Very negative class teacher(9 Posts)
DS's new teacher is a barrel of laughs it seems.
She's not said a single nice thing, or encouraging word. It comes through in what she writes on homework and the reading diary too.
DS tries very hard at school but has struggled with some things. The teacher always manages to point out his handwriting or something without saying well done you got all the answers right!
I'm not sure if it's just my son or the whole class. DS says she is strict.
Not sure what I can do apart from accept he's got this teacher for this year and get on with it.?
It's parents evening next week so maybe she'll say something positive and my impressions will change.
Can you say something like
'DS is a bit downhearted as he feels that his work is never good enough for you. Do you think you could praise the things he does well as well as pointing out the areas for improvement?'
Try and talk to the teacher but focus on how your son is feeling, rather than the teacher's behaviour. E.g. 'DS has been getting a bit upset because he feels his work isn't good enough even when he tries his best.' If necessary, ask her for some specific examples of where he is doing well so that you can praise him and build up his confidence. Hopefully she will take the hint.
Unfortunately, there is a massive emphasis on the moment on "meaningful feedback" when I mark books I have to write a target/ next step for the children to respond to. I do sometimes worry that the children will feel like their work is never good enough so I try to make sure I put a positive comment too! She may be overly focused on next step marking which is a shame if it's upsetting your child x
Thanks for the good ideas. I will prepare what I'm going to say for next week. I certainly don't want to make it worse.
At least you weren't told "she just doesn't get it" which is what happened to me in year 1!
Don't accept it. Have a word with her and tell her how it's making your son feel.
She probably does praise him throughout the day, some schools have strict marking policies where the teachers are made to just give succinct targets to the children.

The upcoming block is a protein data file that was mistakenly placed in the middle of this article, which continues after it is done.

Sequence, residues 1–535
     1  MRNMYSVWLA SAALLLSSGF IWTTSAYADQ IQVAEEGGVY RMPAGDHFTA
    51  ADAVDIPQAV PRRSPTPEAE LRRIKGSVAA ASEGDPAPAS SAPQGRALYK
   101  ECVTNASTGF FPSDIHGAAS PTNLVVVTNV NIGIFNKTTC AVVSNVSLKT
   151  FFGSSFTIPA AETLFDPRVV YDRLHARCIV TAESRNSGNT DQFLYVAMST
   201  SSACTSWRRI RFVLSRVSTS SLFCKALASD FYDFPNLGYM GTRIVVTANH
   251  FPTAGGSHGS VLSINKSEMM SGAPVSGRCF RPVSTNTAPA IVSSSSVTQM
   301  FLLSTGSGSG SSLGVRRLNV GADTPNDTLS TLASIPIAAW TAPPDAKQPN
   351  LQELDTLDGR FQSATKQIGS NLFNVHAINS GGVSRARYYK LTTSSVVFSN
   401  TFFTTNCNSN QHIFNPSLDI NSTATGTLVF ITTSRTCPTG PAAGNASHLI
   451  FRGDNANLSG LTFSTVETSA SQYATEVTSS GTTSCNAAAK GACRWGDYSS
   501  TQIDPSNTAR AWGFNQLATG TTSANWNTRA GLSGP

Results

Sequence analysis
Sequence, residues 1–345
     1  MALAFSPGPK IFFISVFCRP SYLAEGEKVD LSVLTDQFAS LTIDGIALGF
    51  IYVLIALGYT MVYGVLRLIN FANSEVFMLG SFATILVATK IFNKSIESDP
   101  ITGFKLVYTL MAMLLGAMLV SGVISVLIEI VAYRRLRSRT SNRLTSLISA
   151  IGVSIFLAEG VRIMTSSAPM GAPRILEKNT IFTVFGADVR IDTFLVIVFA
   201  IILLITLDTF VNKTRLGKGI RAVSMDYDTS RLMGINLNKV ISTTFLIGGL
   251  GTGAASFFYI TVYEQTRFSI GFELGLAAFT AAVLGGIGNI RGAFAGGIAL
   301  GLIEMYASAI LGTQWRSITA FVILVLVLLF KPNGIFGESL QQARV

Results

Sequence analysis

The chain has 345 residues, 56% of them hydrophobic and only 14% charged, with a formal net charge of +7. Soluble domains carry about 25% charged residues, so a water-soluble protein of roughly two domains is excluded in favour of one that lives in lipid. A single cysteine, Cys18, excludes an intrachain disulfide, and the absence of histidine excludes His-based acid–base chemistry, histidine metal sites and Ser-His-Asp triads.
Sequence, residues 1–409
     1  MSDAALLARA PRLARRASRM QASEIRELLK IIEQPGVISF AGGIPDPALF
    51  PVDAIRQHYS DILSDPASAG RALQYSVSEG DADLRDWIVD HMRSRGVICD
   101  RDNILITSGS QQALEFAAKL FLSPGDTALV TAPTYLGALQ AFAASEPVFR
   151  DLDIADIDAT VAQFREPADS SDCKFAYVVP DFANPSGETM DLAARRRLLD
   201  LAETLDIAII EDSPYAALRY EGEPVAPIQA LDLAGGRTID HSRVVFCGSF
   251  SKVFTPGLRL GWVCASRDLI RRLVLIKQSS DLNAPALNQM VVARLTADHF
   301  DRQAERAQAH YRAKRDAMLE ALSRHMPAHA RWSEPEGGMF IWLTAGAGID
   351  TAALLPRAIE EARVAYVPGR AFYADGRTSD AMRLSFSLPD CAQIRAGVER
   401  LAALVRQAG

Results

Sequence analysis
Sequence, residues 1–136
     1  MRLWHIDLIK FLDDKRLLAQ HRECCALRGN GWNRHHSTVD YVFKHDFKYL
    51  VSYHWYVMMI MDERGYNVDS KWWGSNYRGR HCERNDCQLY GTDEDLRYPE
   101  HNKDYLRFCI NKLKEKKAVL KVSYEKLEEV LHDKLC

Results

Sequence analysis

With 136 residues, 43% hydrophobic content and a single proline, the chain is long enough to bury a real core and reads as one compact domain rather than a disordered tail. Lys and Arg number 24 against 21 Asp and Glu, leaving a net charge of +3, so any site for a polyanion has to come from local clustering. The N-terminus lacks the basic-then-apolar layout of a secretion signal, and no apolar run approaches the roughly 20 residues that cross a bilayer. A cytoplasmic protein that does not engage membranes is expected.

I think if you go in saying that she doesn't praise him, it might not help as much as saying that he never feels good enough.
As for being strict, that's a good thing, you don't want his learning interrupted by the disruptive behaviour of others.
I'm sure she'll soften up next term, term 1 is about setting clear boundaries to ensure all children get the most from their learning environment throughout the year.
What year is your DS? Are her comments/feedback fair? Maybe her expectations of him are high (not a bad thing if realistic) and he is not working to his ability?
I am a bit torn as I feel that sometimes there is so much "praise" going round that children do get deflated as soon as they get some constructive or less than positive feedback. This does not set them up well for future education and life!
If he is Yr1 or even Yr3 there still needs to be a balance. If he has just gone into Yr6 then yes, the teacher needs to be aware he is feeling deflated - but also maybe your DS needs to look at his work and think about does he need to pull his socks up (sorry to be blunt). Maybe the previous years teacher was too wishy-washy in her constructive feedback and the "very negative class teacher" is actually just realistic and what your son needs.
Yes say something - but maybe think about some of the above too (depending on his age).
DS has just started Y6 & has a teacher he is scared of. He started off the year trying really hard to please her (doing extra homework without any prompting). This week she called him aside, showed him his book, and told him that his spelling was like a reception child's. DS is dyslexic & we have spent the last few years trying to build his confidence as he is very sensitive about his literacy issues. Apparently it was a joke .
Have asked for an appointment to see the head as this seems not to be the only issue. Will be approaching it from a 'DS perceives, DS feels' perspective as my main aim is to get her to change her behaviour towards DS. If that doesn't work, I will lodge a formal complaint to the chair of governors & local authority.
She has form for this - playing favourites with a group of the girls and singling a boy out to put down based on what previous parents have said. Thought they were exaggerating until now .
Will be watching this thread to see what advice comes up.
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